- Business; the financial state of the business. Think about how the accounts reflect its performance; compare this with similar businesses.
The more information you can gather, the better. You can use it to find out more by asking informed and intelligent questions of the sellers and their agent, or to check whether they’re being straight with you. Remember, facts are the key here – not only those you can check with local authorities or simply by seeing the property, but also those to do with reputation, competitors and, of course, your own instinct. Before you view, consider doing the following:
Using the business as a customer, if possible.
Sending a friend to use the business as a customer.
Watching the business at various times of the day to see how many customers go in or pass by.
Checking on the weekend trade at pubs, restaurants and hotels.
Talking subtly to competitors.
On the viewing day, dress appropriately – think about the impression you want to create. Arrive early and get a good feel for the area. Ask yourself these questions:
Do you want to own this business? Why?
What are its advantages and disadvantages? Why?
Would you want to be a customer/client of this business? Why?
What other businesses of this type have been for sale in the last year? Have they sold or not? Why?
Why is this business on the market? Be aware of as many reasons as you can; be ready to ask the owners polite, direct questions to ascertain their real reasons for selling.
How long have these owners been here?
What was the business like before they bought it?
The steps of buying a business
After thorough research and preparation, you’ll feel ready to buy the right business. Below are the buying steps you’re likely to encounter.
Make a formal offer
The asking price for a business is typically negotiable and the seller may will push back on your initial offer. When making your offer, and if it’s under the asking price, be prepared to reason why you think your offer should be accepted. In your offer, highlight any incentives for the seller such as if you are a cash buyer or prepared to move through the process quickly. You can also offer more than the asking price to secure the business if your projected numbers show that you’re likely to recuperate the costs fast. You can sometimes find yourself in a bidding war with other buyers and it’s important to not get caught up in the thrill of it all. Decide on the largest amount you’re prepared to pay, referencing those financial calculations again, and stick to it.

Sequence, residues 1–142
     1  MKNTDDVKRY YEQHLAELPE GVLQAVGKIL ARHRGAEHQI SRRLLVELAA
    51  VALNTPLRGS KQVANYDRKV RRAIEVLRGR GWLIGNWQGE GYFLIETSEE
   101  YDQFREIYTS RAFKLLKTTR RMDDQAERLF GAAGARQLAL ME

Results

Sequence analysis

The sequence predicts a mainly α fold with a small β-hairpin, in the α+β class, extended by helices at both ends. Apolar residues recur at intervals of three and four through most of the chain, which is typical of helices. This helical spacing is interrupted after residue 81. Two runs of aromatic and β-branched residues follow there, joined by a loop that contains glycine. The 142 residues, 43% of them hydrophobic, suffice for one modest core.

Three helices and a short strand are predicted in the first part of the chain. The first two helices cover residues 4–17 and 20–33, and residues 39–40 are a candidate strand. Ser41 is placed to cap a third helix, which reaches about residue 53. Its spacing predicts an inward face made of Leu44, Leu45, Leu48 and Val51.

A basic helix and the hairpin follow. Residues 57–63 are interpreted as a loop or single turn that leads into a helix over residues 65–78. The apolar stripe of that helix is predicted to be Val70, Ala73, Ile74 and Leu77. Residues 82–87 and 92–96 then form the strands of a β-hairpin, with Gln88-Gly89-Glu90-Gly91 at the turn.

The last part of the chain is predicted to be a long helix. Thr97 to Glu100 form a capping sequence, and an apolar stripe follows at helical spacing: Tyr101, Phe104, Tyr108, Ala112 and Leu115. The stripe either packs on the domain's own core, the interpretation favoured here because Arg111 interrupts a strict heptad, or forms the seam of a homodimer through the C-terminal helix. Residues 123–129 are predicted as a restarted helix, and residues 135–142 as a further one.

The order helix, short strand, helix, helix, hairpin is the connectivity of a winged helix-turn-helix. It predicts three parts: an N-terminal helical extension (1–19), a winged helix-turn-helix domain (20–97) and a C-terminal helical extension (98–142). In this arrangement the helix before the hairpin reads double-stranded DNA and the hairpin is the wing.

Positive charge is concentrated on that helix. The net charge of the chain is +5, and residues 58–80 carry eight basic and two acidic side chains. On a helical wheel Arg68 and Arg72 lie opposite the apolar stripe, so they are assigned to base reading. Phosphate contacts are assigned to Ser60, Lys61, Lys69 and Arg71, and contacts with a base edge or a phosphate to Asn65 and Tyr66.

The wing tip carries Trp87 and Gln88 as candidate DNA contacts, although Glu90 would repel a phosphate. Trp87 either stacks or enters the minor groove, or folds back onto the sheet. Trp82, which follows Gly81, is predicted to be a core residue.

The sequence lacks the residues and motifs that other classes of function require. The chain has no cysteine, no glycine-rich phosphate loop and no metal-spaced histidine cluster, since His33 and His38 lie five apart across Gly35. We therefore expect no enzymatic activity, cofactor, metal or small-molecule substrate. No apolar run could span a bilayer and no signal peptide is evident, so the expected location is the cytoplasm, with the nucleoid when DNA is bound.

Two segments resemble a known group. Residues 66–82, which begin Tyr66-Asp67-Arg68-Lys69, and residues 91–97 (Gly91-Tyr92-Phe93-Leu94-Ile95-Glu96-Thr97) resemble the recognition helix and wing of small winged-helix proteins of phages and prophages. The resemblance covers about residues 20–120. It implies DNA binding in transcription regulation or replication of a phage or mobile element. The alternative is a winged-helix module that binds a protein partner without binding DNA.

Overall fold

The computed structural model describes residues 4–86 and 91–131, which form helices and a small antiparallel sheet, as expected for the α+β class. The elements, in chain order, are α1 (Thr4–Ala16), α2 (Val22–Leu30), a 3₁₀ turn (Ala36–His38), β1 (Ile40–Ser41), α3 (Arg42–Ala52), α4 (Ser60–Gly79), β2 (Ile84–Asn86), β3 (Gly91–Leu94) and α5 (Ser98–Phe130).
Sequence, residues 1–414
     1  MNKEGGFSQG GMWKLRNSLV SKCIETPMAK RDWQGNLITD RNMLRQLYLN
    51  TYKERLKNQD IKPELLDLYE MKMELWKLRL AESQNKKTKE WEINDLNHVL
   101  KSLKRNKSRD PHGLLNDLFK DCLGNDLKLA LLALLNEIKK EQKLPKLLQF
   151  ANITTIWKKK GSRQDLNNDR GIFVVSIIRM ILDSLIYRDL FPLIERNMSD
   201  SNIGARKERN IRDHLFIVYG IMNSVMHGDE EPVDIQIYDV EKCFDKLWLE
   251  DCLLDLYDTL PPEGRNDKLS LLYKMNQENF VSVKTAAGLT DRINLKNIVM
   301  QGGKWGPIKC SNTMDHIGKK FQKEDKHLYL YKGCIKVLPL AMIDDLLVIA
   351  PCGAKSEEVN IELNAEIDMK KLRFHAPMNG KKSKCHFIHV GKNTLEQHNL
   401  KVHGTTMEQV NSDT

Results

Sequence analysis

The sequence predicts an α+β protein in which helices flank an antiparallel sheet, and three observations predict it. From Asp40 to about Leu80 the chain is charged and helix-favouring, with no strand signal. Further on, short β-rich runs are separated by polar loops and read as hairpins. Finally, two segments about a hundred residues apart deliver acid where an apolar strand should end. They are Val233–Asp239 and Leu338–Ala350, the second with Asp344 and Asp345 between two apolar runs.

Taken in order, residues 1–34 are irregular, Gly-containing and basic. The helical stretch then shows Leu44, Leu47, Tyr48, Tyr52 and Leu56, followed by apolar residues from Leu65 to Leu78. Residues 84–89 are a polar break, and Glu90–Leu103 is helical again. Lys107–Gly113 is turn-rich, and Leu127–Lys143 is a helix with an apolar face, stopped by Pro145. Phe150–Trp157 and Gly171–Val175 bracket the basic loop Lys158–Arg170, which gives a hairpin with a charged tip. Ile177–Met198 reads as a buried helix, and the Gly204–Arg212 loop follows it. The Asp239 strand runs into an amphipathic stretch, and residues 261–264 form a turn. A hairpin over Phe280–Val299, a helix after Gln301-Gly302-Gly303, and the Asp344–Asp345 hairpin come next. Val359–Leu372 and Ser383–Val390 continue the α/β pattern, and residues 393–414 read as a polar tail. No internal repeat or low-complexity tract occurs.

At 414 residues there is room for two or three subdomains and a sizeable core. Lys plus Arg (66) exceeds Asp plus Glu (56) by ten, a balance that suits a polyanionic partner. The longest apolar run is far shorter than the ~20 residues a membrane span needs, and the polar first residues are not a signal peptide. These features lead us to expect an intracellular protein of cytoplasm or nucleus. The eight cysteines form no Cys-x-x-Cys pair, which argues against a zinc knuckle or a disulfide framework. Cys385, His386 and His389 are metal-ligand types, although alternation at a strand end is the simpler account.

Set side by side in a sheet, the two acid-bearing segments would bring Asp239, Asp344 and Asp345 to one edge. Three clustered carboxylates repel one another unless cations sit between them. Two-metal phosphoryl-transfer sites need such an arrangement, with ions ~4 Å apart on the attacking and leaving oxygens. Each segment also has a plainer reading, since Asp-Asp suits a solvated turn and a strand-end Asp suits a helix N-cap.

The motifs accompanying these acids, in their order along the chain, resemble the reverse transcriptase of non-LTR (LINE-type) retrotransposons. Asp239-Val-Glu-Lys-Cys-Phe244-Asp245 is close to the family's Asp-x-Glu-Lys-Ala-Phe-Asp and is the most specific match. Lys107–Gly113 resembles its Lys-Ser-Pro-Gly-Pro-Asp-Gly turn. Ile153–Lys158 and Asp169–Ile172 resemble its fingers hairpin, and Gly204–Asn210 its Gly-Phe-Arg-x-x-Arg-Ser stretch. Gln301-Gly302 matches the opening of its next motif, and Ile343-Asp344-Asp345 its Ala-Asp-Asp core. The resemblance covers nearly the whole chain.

When you reach an agreement with the seller regarding the basic price, structure and terms of transaction, you typically enter into what is known as a ‘Heads of Terms’ agreement. This document means that the parties have agreed to the price and basic terms and principles of the transaction.
Due diligence is a vital part of the business buying process as the buying process doesn’t end at the offer acceptance stage. Due diligence is your chance to investigate the business you’re buying in more detail, with professional help if you need it. At this stage, you can look into the business’s accounts, VAT returns, employment contracts, and capital equipment leases. We advise professional advice as a necessity during this step, to ensure that you’re looking at all the right parts and assessing them within the best parameters. Once due diligence has been completed and you’re happy with all the information, then you’re ready to proceed to the next steps.
Complete the purchase
The final step in completing your purchase in sealing and signing the sales agreement. A sales agreement will outline and finalise all the previous ‘Heads of Terms’ discussed alongside any changes. You may wish to consult with a professional at this stage too, ensuring that all details and changes correspond to what has been previously discussed. Look out for any vaguely-worded terms that you may need further clarification on. Once signed, you’ll need to pay the seller within the agreed timescale, as stipulated in the contract.
This is the final step that officially makes you a new business owner.
For more information; download our buying a business guide to get started. You will also find the latest business insights and expertise, along with other invaluable business tips on our blog.
To make a formal offer on a business, please Download our Formal Offer Form